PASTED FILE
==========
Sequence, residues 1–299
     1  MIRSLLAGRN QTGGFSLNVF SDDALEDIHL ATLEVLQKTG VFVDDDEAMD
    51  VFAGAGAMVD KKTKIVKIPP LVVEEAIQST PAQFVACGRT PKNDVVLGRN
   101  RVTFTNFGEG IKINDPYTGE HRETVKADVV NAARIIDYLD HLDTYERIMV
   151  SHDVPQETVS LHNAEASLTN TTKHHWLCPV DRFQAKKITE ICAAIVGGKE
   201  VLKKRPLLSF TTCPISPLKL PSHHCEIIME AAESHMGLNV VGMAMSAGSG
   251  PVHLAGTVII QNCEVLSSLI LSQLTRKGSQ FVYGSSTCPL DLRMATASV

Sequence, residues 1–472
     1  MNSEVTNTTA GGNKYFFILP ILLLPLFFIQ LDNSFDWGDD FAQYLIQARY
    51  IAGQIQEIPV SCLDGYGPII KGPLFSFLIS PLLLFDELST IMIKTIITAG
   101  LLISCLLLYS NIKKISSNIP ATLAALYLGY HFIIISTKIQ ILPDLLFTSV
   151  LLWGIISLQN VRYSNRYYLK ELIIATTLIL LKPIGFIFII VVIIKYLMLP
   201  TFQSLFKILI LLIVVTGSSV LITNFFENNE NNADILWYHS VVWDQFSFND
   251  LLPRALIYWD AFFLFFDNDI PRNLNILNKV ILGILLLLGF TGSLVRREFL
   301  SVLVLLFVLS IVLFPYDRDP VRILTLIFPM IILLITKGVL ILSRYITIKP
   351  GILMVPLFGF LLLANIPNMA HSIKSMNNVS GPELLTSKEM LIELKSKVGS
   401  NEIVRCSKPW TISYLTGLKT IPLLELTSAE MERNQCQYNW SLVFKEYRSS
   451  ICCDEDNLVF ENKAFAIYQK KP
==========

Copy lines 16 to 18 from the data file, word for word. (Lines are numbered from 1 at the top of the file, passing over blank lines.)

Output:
   351  GILMVPLFGF LLLANIPNMA HSIKSMNNVS GPELLTSKEM LIELKSKVGS
   401  NEIVRCSKPW TISYLTGLKT IPLLELTSAE MERNQCQYNW SLVFKEYRSS
   451  ICCDEDNLVF ENKAFAIYQK KP